There was a great disturbance in the force that is Steelers’ Nation this week and it has nothing to do with Jedi-Knights or Casey Hampton walking through the locker room. At about the same time that it was announced that former offensive tackle Willie Colon would be moving inside to the left guard position, he also made some comments regarding new offensive coordinator Todd Haley’s playbook.
This was about the time the disturbance took place. Colon said he believes Haley’s offense will feature more running and more play-action pass. Immediately, Yinzers everywhere broke into pandemonium of one sort or another not unlike when your office runs out of coffee on Monday morning.
What we have to understand is that there are many Steelers’ fans who believe the team needs to return to the Bill Cowher days of three yards and poof of dust. Control the ball on offense and play great defense and you’ll be successful. To be fair to Cowher, I didn’t always see his offense as that boring, but it was close at times.
The other segment of Steelers’ fans views the National Football League in its’ current state and recognizes that offenses today are built around the passing game, speed and athleticism. Don’t think so? Then why did the Steelers draft a 5’11” linebacker known for his speed and athleticism in the third round? Think coverage of tight ends and running bakcs if you need help here…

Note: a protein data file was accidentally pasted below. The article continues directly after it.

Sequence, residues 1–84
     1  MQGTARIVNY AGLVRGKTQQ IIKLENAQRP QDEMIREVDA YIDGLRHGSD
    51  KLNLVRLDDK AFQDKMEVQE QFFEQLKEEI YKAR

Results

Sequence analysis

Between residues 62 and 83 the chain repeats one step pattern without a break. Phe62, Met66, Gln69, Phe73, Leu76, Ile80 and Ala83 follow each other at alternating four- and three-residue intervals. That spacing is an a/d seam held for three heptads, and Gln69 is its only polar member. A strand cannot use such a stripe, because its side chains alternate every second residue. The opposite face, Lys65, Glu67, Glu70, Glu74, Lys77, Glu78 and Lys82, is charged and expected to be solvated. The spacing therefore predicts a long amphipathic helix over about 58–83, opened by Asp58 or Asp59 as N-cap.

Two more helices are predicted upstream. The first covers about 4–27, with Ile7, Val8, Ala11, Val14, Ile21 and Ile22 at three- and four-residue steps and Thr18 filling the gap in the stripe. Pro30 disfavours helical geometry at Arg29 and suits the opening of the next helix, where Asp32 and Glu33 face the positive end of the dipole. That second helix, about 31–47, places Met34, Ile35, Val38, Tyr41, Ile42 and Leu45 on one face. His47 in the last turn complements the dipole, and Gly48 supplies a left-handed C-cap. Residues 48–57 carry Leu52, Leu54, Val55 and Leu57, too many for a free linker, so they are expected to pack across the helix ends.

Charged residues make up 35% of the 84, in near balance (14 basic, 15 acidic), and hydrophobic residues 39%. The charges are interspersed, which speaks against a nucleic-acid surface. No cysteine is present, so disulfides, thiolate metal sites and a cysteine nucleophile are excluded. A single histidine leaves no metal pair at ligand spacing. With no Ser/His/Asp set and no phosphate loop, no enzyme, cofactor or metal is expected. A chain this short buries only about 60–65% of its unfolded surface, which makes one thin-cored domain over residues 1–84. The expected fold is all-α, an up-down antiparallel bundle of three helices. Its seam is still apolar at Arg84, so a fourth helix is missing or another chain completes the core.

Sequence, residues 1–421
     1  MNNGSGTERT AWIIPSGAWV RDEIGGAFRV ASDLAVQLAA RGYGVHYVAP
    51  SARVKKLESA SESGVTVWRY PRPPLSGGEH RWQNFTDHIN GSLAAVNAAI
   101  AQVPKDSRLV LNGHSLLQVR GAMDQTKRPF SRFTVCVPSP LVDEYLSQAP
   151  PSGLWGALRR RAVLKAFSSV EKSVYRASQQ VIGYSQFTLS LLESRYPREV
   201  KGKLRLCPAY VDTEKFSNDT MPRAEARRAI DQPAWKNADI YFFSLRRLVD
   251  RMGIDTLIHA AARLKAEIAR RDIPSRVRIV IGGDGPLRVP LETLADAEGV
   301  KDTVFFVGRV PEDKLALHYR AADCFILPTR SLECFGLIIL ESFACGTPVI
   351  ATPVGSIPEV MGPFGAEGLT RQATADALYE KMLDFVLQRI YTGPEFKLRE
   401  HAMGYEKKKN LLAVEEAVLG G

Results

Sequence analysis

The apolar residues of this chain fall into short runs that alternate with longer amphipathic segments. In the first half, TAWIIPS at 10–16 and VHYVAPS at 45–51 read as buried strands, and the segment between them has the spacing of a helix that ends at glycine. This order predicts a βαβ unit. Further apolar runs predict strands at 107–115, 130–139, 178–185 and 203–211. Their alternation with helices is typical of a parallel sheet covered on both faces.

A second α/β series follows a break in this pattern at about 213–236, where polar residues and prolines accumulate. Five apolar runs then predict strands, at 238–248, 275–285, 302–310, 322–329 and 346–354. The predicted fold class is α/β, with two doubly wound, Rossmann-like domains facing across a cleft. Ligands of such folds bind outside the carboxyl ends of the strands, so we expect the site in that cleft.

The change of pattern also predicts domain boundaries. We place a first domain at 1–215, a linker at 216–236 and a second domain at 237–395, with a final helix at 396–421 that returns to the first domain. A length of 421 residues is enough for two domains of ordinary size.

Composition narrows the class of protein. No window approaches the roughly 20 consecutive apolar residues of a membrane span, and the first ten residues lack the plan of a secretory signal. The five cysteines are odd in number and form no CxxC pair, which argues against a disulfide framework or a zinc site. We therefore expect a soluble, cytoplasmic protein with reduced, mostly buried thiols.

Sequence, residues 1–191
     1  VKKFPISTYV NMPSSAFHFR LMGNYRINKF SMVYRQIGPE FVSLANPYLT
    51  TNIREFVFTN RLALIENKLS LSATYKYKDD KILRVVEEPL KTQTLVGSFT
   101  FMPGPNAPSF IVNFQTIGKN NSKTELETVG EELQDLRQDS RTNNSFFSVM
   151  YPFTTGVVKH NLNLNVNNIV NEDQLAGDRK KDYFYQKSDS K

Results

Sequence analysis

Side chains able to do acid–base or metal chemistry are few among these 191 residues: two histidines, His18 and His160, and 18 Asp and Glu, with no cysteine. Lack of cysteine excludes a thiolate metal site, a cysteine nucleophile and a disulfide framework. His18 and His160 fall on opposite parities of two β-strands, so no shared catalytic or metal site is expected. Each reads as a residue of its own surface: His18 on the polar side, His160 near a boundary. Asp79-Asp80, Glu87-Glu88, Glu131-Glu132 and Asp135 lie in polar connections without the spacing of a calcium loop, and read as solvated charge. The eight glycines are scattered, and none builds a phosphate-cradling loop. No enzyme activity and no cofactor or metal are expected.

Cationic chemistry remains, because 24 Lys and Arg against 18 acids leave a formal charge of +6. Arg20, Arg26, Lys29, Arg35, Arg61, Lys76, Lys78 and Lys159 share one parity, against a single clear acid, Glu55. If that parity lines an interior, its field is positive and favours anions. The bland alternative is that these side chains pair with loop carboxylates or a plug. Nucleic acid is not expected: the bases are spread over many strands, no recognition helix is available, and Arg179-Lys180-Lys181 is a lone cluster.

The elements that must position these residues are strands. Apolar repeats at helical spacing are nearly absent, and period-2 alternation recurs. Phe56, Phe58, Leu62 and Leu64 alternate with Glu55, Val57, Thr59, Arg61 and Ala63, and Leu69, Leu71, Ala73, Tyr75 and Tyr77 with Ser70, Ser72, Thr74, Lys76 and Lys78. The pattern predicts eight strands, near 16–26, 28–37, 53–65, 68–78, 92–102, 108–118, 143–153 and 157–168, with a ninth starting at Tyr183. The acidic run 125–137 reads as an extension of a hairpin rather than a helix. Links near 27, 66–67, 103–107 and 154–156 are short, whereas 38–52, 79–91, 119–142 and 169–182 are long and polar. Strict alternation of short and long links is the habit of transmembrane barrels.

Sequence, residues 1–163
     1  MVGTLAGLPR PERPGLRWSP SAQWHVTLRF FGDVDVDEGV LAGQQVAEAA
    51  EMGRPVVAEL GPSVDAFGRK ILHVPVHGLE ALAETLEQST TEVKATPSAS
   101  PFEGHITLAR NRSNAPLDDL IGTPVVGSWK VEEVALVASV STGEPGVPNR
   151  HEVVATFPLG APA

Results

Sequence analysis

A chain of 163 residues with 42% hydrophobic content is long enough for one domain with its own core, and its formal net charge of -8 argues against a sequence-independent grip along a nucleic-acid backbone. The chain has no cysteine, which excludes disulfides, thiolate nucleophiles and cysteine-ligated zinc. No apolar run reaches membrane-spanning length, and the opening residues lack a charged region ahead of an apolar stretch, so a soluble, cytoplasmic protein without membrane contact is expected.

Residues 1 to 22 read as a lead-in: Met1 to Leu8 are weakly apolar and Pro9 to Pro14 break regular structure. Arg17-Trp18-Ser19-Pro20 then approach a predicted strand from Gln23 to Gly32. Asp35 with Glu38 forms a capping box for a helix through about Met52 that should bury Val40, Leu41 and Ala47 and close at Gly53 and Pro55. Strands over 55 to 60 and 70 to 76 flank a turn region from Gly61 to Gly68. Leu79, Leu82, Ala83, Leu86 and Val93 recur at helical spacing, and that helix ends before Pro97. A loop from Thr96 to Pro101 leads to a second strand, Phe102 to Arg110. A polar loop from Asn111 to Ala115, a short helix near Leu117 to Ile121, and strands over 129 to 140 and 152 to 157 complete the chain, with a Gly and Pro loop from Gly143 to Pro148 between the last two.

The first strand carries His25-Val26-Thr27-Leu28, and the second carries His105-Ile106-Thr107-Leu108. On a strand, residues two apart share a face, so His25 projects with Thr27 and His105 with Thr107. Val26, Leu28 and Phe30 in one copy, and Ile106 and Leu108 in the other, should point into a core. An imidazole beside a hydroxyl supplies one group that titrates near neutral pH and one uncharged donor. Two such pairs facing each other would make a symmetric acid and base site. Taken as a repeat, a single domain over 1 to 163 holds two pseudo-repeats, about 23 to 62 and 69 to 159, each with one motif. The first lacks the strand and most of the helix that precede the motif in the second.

Both camps make compelling arguments but what some absolutely refuse to see is that there is a middle ground here.
As I’ve argued for the last several seasons, running the football successfully is not as equated to quantity like it once was. It’s the quality of rushing attempts that matter. Bruce Arians isn’t in Indianapolis because the Steelers didn’t run the ball enough, he’s gone because they couldn’t run it effectively, especially in the red zone.
The days of needing a guy to rush for over 100 yards per game to earn a victory really are over. Common sense tells you that if you do, you’re chances of winning go up significantly, but running the ball a lot doesn’t always put points on the board either.
I can’t sit here and tell you that Colon is wrong, he’s a heck of a lot closer to the offense than I am but I just don’t buy the “running more” stuff. It would be like getting the keys to dad’s Ferrari and not driving more than 25mph. Haley has inherited an all-pro quarterback in his prime, a group of very athletic receivers and an improved offensive line.
What I believe Colon means by “running more” is his way of saying that this team will emphasize being able to run the ball more effectively without having to run it more often. Fans take pride in how their teams play their games and physical, hard-nosed football will always be a part of the Steelers’ tradition, but the NFL is built differently now and I really can’t see Haley going against the grain.
Yes, you may see more running, but what you really will be seeing is more effective running in 2012. Don’t be fooled because the force can work in mysterious ways.